Miguel Aguilar Could Have Been Deported but Now He’s a Pro Soccer Player

Miguel Aguilar is a rookie midfielder for D.C. United of Major League Soccer. 

Disappointing result but what an experience and pleasure it was to play at Yankee Stadium last night. #DCU #NextOne

A photo posted by Miguel Aguilar (@migue.an17) on

D.C. United selected Aguilar, a native of Juarez, Mexico, with the No. 17 overall pick in January’s MLS SuperDraft. And the rookie out of the University of San Francisco hasn’t disappointed. The 22-year-old Aguilar has already played in 17 matches for playoff-bound D.C. United.

Aguilar is also the first Deferred Action for Childhood Arrivals (DACA) recipient to sign a major league sports contract. 

Aguilar grew up in the middle of a drug war. He was raised near the border of El Paso, Texas and Ciudad Juárez, once considered one of most dangerous cities in the world. Aguilar never wanted to leave Mexico, but his family had no choice. According to the Washington Post, Aguilar’s sister was nearly kidnapped and one of his uncles fell in with the wrong crowd.

Aguilar and his family left El Paso and headed to California. 

Few minutes late but before I go to sleep I want to wish my mom a happy bday, I love you ma #myrock

A photo posted by Miguel Aguilar (@migue.an17) on

On his 11th birthday, Miguel Aguilar and his older brother Andres jumped into their grandfather’s truck and headed to Sacramento, California. Aguilar’s older sister, Claudia, and mother, Carmen, joined them in Sacramento where the Aguilar family started their new life. Miguel enrolled at Encina Preparatory High and focused on soccer, while his sister and mother worked long hours to support the family.

Aguilar was a high school star on the pitch, but he would often come home to an empty home. 

See you soon ??

A photo posted by Miguel Aguilar (@migue.an17) on

“I was pretty much depressed,” Aguilar told Marcos Breton of the Sacramento Bee in 2010. “I missed my brother, who was like my father. It became kind of hopeless as I came home every day to an empty refrigerator. I would cry every day at home. I gave up on school for a while.” (BTW, that’s Aguilar with his longtime girlfriend).

Thanks to his soccer coaches, Aguilar turned the corner academically his junior year and never looked back. 

Tbt to graduation ?? #USFCA #Homies

A photo posted by Miguel Aguilar (@migue.an17) on

Aguilar earned a full ride to the University of San Fransisco and graduated in three and a half years with a 3.7 grade-point average and a degree in finance.

He was MLS bound after a stellar career with the Dons. 

Is it fall yet? #Golazo #Futbol #Falliscoming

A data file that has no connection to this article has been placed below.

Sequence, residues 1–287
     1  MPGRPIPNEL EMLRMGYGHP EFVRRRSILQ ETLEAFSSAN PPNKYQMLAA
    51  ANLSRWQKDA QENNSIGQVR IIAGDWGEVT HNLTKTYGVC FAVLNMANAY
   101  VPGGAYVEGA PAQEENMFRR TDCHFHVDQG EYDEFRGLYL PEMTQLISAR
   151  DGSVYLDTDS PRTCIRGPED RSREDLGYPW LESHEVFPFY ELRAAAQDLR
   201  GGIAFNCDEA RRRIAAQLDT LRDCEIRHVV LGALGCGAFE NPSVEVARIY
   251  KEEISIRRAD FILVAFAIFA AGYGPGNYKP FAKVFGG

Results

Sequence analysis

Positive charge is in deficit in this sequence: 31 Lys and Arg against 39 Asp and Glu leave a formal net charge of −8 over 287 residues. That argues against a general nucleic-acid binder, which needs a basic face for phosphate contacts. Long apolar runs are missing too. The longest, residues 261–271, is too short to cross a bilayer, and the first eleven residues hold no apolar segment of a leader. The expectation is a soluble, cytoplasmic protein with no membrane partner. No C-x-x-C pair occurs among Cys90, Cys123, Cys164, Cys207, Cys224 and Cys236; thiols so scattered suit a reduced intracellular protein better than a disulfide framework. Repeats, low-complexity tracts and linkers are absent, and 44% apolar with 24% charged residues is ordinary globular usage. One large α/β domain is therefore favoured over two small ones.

A photo posted by Miguel Aguilar (@migue.an17) on

Aguilar was a second-team all-league selection three times in the West Coast Conference and made first team as a senior.

Aguilar gained legal status two and a half years ago under DACA. 

Flew from CA to DC just to see me, love you. #DC #WhiteHouse #Tourists

A photo posted by Miguel Aguilar (@migue.an17) on

DACA is a government policy that allows certain undocumented immigrants who entered the country before age 16 to avoid deportation and gain a renewable work permit.

But being a pro athlete doesn’t get Aguilar through customs any faster when he’s at the airport. 

To the first game of the season and my debut in the MLS. @dcunited #throwback #DCU #VamosUnited

A photo posted by Miguel Aguilar (@migue.an17) on

Credit: @migue.an17 / Instagram

When Aguilar travels abroad with D.C. United, he carries a Mexican passport and special work permit. Despite the paperwork, Aguilar sometimes gets stuck at airports for hours. One time, Aguilar was delayed for so long that he missed a team flight after returning from a match in Costa Rica.

Sometimes, his status has affected his pro career.


A photo posted by Miguel Aguilar (@migue.an17) on

Aguilar wasn’t able to join United for a match in Vancouver earlier this season because he was waiting for a work permit renewal.

Aguilar says he’s not sure which soccer national team he’d play for – Mexico or the US – if given the opportunity. 

Miguel Aguilar
Credit: dcunited.com

“I still feel my roots are in Mexico, but it’s close,” Aguilar told the Washington Post. “My love for the sport, it all started in Mexico, but here is where I realized my dream.”

Even with all the soccer success, Aguilar still finds time to give back to his community.

Credit: The Sacramento Bee / YouTube

Earlier this year, Aguilar visited students at his alma mater, Encina High School to encourage them to pursue their dreams. “Never forget where you come from. That’s one of the things that has stuck with me,” said Aguilar to The Sacramento Bee.

After rough times in in Juárez, Miguel Aguilar and his family are living the American dream. 

Playing tourist for the day #Lincoln #DCU

A photo posted by Miguel Aguilar (@migue.an17) on

Miguel’s family struggled for years to make ends meet after leaving the violence in Juarez. The Aguilars’ hard work and determination paid off. Miguel’s brother owns a restaurant, which his mother helps run, while his sister is earning a degree.

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